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Israel will announce plans for new settlement construction next week, coinciding with the release of a third batch of Palestinian prisoners as part of peace talks, an official said Thursday.
Palestinians have warned repeatedly that settlement building destroys the fragile US-brokered peace talks that resumed in July after a three-year hiatus.
"The Israeli government will announce tenders for new construction in the West Bank and in east Jerusalem which will coincide with the release of a third group of Palestinian prisoners," the official told AFP on condition of anonymity.
The comments come days after Prime Minister Benjamin Netanyahu vowed to push ahead with settlement construction despite calls for restraint by US Secretary of State John Kerry and the European Union.
"We will not stop, even for a moment, building our country and becoming stronger, and developing... the settlement enterprise," Netanyahu told members of his rightwing Likud party last week.
Kerry, who has been fighting for the survival of the peace talks, urged Netanyahu earlier this month "to exercise maximum restraint in announcing new construction" Haaretz daily has reported.
Israel is due to release 26 Palestinian prisoners on Sunday, in line with commitments to the US-backed peace process which also called on both sides to negotiate for nine months.
Israel agreed to free 104 Palestinian prisoners and has already released 52 in two separate batches. A third group is to be freed on December 29 and the last inmates are to walk free in March 2014.
The previous releases in August and October were accompanied by Israeli announcements of fresh construction on land the Palestinians want for a future state, provoking Palestinian fury.
In October plans for 1,500 Jewish settler homes in Arab east Jerusalem came to light almost immediately after Israel began freeing the second batch of 26 Palestinian prisoners.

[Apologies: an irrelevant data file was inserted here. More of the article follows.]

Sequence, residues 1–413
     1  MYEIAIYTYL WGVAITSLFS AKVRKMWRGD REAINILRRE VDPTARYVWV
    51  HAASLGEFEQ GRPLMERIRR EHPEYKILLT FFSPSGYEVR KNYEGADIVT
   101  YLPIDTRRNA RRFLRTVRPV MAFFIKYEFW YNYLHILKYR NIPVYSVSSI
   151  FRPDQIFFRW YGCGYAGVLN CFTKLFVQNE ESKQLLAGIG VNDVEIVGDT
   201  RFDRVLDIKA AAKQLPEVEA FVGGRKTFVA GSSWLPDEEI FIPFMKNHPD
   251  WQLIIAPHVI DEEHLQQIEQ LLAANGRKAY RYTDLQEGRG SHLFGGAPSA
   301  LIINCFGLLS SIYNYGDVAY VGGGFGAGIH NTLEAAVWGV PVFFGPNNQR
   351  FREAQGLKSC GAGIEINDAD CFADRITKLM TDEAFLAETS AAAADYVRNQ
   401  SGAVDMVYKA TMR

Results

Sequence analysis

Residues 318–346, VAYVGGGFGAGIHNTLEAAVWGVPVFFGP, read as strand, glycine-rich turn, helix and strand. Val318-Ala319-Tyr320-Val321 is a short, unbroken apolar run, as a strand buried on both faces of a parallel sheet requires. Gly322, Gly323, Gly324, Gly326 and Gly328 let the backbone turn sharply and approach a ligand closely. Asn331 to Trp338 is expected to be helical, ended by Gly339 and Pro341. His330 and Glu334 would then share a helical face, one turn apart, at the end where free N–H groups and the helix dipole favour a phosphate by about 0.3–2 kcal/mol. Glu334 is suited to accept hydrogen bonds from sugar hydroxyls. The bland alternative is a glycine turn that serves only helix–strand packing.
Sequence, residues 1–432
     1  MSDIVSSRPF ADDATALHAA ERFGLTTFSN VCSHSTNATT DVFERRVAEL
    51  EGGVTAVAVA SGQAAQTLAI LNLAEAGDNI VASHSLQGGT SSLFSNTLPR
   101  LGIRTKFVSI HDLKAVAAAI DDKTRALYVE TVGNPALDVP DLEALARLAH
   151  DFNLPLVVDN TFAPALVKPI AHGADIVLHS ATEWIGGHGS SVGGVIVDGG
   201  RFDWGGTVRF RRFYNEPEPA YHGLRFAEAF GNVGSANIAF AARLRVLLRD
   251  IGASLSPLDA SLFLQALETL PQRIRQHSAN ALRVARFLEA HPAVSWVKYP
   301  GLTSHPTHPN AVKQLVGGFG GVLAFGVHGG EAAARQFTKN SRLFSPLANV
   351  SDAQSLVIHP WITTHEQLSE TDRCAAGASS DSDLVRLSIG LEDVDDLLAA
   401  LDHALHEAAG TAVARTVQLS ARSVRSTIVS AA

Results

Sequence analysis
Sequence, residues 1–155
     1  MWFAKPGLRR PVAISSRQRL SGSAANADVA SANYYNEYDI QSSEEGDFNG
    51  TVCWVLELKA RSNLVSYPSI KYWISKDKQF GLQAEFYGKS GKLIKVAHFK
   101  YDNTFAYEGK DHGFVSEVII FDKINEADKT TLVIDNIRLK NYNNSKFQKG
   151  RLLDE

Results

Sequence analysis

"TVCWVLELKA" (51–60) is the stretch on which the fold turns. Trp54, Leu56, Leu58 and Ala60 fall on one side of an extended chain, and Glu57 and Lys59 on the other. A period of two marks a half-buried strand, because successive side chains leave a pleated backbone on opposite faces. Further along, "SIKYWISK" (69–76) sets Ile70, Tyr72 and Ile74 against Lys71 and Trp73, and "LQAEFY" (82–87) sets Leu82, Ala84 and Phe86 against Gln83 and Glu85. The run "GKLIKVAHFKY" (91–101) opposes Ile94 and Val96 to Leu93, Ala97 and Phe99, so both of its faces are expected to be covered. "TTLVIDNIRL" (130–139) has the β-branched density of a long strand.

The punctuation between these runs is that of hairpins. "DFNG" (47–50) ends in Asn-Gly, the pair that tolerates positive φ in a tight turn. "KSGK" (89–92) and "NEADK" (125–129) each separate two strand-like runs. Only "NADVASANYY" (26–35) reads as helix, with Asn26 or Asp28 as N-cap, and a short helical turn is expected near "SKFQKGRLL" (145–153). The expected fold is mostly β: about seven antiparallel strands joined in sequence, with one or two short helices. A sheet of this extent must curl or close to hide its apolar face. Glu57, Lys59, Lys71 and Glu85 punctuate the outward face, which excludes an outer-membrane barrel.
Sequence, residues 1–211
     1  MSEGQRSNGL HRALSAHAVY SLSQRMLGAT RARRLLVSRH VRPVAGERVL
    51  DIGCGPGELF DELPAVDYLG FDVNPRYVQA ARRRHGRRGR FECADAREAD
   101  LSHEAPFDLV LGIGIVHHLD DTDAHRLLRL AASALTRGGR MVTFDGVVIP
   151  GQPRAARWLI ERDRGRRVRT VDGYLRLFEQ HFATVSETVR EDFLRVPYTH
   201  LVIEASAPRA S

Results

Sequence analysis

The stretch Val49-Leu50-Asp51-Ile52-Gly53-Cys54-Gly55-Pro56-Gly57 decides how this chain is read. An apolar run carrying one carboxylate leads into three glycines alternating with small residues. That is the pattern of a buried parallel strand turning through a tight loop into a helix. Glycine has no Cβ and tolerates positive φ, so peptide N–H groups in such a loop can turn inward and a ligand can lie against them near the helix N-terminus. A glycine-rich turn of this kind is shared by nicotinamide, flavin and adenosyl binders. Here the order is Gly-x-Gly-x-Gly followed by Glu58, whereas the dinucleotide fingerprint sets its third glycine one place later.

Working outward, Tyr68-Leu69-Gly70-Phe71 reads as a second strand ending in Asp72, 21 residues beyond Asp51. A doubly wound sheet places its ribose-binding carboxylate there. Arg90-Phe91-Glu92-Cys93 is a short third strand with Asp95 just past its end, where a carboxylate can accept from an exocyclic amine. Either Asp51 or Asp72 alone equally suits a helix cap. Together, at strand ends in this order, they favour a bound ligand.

Israel had likewise announced construction of more than 2,000 new settler homes in August, when it freed the first group of detainees.
Palestinian officials have angrily said Israeli settlement plans destroy the peace process and the international community has also denounced past construction moves.
Israeli media Thursday suggested that the new construction push is aimed at pacifying Netanyahu's coalition partners following a surge of violence along the Israel-Gaza border and in the West Bank.
Maariv daily quoted an unnamed top official as saying Netanyahu had initially agreed to US and EU appeals to delay by two to three weeks the announcement of the new constructions.
But Netanyahu apparently changed his mind under pressure from his coalition partners so as not to send out a "signal of weakness" to the Palestinians from Israel, Maariv said.
Mass-selling Yediot Aharonot added that Netanyahu was once again trying "to pacify the rightwingers" in his coalition.
Cross-border exchanges between Israel and Gaza have increased in recent days, and Israel has said it holds the coastal enclave's Palestinian Islamist rulers Hamas responsible for the unrest.
Netanyahu criticised Palestinian president Mahmud Abbas for failing to condemn the latest surge in violence, including the death of an Israeli man shot while repairing the border fence with Gaza on Tuesday.
"The terrorist attacks of recent days against Israelis are the direct result of incitement to hatred in the press and broadcast in Palestinian schools," Netanyahu said in a statement Wednesday.
He added he was "disappointed that president Abbas has not yet condemned the recent terrorist acts as one would expect from a partner in peace negotiations".
The Israeli army has retaliated to the fatal shooting of the Israeli man by launching tank and air strikes on the Gaza Strip that killed a toddler and wounded six other Palestinians.